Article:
Not only do the Flyers need to draft more defensemen in the first and second rounds, they must give these players the time and experience needed for them to develop. The worst thing that a team can do to a young blueliner is bring him to the NHL before he's ready for the speed and physicality of the game, both of which are much greater than what is found at the junior, AHL and NCAA levels.
After he was drafted, the Rangers gave Staal two additional seasons in the OHL before bringing him to the NHL. They also had Del Zotto spend another season in the OHL prior to his NHL debut. This extra time to develop was a major factor in preparing these young players for the NHL and it contributed mightily to both of them having impressive rookie seasons for New York.
Teams cannot expect young defensemen to step into the NHL and dominate. With that said, it's not surprising that just two defensemen have won the Calder Trophy in the last 15 years.
Another way to build defensive depth is through the trade market. Since the asking prices for established defensemen are so high throughout the year, pulling the trigger on these kinds of moves and giving up top prospects rarely makes sense.
This means that teams should try to acquire young defensemen in trades that include veteran forwards, which is what the Rangers did in 2009 when they received Ryan McDonagh from the Montreal Canadiens in a deal involving veteran center Scott Gomez.
At this year's trade deadline, the Blueshirts were able to acquire former first-round pick John Moore from the Columbus Blue Jackets in a trade that involved elite winger Marian Gaborik.
The Flyers traded two franchise forwards following the 2010-11 season when Mike Richards and Jeff Carter were dealt to the Los Angeles Kings and Blue Jackets, respectively.
Holmgren didn't get any defensemen in these trades, and although he added some quality forwards to his roster in Wayne Simmonds and Jakub Voracek, he missed a glorious opportunity to acquire some of Los Angeles and Columbus' top young defensemen, such as Jack Johnson, Jake Muzzin, Slava Voynov, David Savard and Moore.
During the summer, it wouldn't be surprising if Holmgren uses some of the Flyers' forward depth to acquire a top-four defenseman to begin the rebuilding of his team's blue line. However, trading Couturier for a player like Anaheim Ducks winger Bobby Ryan, which has been speculated about for some time, makes no sense and would fail address any of Philly's most glaring weaknesses.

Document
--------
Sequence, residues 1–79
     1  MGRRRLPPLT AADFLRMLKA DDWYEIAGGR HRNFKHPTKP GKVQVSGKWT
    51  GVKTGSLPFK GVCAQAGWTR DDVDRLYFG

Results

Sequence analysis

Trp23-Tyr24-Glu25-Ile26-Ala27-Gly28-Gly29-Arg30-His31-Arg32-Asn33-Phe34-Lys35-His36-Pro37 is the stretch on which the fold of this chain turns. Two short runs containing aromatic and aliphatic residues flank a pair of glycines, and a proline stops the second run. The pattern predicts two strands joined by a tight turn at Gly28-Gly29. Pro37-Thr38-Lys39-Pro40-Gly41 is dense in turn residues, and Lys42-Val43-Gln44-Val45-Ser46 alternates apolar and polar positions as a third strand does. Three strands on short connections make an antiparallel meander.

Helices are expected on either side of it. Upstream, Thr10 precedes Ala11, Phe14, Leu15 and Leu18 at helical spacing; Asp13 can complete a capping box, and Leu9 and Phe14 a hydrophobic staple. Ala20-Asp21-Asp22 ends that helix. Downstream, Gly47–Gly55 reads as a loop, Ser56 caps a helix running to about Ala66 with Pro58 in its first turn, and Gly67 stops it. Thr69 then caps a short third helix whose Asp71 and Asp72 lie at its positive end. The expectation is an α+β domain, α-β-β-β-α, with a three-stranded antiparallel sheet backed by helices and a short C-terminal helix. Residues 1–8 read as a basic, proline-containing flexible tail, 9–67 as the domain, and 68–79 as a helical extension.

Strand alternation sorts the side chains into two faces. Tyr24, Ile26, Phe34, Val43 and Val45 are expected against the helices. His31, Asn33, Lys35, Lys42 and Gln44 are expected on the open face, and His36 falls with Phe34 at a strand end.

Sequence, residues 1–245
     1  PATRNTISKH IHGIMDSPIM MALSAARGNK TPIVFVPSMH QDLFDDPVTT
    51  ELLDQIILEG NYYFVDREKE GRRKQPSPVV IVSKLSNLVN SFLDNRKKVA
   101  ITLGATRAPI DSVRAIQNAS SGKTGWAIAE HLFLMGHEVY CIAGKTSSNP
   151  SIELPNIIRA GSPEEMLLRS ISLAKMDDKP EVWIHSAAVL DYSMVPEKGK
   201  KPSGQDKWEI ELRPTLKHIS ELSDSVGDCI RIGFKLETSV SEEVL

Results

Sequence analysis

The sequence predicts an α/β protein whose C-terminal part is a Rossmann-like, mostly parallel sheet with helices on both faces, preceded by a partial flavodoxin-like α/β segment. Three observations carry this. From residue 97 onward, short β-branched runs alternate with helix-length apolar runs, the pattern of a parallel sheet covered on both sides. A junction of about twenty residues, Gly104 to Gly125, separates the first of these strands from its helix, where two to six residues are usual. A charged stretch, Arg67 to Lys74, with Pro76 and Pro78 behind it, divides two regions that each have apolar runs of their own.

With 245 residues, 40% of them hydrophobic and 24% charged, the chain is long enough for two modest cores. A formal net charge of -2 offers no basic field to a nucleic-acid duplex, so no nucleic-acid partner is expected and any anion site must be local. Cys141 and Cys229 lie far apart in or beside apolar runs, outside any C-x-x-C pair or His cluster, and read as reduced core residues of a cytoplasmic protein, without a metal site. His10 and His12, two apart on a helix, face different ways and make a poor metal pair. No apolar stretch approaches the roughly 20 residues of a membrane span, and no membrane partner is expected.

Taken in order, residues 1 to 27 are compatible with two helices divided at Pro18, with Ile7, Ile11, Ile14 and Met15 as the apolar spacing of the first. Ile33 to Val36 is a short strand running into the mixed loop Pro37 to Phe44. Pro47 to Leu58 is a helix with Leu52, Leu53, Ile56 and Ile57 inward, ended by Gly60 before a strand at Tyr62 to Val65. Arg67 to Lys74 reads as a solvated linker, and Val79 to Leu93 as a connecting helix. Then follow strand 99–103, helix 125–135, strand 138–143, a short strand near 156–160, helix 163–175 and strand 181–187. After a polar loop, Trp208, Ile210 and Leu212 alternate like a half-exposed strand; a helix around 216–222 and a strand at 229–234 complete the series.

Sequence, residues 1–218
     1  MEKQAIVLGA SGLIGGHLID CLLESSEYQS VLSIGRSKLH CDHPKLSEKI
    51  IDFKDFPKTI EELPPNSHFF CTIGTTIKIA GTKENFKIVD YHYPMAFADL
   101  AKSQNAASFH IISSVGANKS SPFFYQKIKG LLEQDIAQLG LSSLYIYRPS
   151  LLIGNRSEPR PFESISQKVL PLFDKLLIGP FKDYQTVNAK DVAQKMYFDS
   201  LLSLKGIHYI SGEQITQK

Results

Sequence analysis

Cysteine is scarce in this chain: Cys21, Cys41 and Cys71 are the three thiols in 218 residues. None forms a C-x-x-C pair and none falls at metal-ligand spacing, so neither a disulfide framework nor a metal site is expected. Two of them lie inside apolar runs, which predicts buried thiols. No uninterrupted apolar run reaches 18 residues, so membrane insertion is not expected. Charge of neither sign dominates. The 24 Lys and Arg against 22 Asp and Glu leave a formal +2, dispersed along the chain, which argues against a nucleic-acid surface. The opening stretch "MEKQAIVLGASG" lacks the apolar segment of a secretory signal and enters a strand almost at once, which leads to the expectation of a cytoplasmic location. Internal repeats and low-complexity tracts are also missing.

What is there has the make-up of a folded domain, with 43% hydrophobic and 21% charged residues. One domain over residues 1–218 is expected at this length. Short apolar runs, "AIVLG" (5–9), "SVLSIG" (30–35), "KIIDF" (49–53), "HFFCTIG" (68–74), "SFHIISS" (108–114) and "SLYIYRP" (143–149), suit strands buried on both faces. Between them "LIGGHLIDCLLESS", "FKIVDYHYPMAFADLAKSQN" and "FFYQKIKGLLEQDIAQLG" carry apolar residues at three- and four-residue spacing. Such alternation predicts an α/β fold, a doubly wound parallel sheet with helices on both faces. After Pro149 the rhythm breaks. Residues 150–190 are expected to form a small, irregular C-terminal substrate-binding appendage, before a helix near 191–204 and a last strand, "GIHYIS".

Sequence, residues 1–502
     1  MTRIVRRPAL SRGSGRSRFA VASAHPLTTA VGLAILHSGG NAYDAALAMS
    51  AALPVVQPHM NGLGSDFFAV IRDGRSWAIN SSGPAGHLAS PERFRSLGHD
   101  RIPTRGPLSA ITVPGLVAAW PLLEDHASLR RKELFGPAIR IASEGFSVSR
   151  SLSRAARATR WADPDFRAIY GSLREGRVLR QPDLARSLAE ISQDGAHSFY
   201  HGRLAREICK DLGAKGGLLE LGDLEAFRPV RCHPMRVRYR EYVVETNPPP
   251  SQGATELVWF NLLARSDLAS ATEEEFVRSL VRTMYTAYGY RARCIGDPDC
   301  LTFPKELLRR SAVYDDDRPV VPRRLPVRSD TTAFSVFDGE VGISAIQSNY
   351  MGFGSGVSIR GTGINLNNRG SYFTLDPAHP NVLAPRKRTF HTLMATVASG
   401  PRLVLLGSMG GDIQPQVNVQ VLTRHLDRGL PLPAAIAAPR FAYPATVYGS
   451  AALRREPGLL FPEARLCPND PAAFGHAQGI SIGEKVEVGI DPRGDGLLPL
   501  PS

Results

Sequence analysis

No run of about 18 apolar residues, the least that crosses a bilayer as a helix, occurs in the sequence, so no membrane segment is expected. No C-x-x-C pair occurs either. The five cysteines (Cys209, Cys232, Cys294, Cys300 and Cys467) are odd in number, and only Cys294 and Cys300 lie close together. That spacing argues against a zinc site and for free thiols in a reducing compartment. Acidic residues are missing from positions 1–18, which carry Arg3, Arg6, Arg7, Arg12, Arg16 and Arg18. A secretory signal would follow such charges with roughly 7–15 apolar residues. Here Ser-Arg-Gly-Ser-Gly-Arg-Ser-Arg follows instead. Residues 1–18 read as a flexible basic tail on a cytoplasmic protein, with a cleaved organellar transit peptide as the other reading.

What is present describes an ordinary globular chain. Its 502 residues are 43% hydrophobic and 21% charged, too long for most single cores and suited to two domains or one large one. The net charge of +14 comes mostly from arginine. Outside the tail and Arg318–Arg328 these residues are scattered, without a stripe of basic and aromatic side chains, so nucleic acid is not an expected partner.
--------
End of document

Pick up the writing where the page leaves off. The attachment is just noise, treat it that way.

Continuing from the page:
Overall, the Flyers need to start following the model that the Rangers have used over the last few years to build blue-line depth:
- Draft plenty of defensemen in the first two rounds.
- Do not rush these players to the NHL until they are ready.
- Don't pass on highly rated defensemen in the draft, even if there's a forward available who is expected to make an immediate impact in the NHL.
- Stay away from high-priced free-agent defensemen.
- Acquire young defensemen when trading star forwards.
To begin the reconstruction of its blue line, Philly must draft a defenseman in the first round of the 2013 draft. The best players available for teams with a lottery pick are Seth Jones, Joshua Morrissey, Ryan Pulock, Darnell Nurse and Mirco Muller.
In the salary cap era, it's so difficult to build a quality blue line that's loaded with talent and depth because defensemen are so expensive to sign. This is why you must build this part of your team through the draft and give these players the time they need to develop their skills.
Building a strong blue line is not a quick process and it often takes many years, but if the Flyers do it the right way like the Rangers did, they will be rewarded in the future.
The Rangers have been patient with their young defensemen and it's time for the Flyers to do the same.
Having a goaltender of Henrik Lundqvist's caliber certainly helps the Rangers, but they didn't make it to the Conference Finals with him until the team assembled a fantastic blue line with the ideal amount of talent and depth.
No matter who is playing at the goaltender position for the Flyers, this team won't win a Stanley Cup until it builds a blue line that has enough depth and young talent.
Nicholas Goss is an NHL Lead Writer at Bleacher Report. Follow him on Twitter. He was a credentialed reporter at the 2011 Stanley Cup Final and 2012 NHL playoffs in Boston.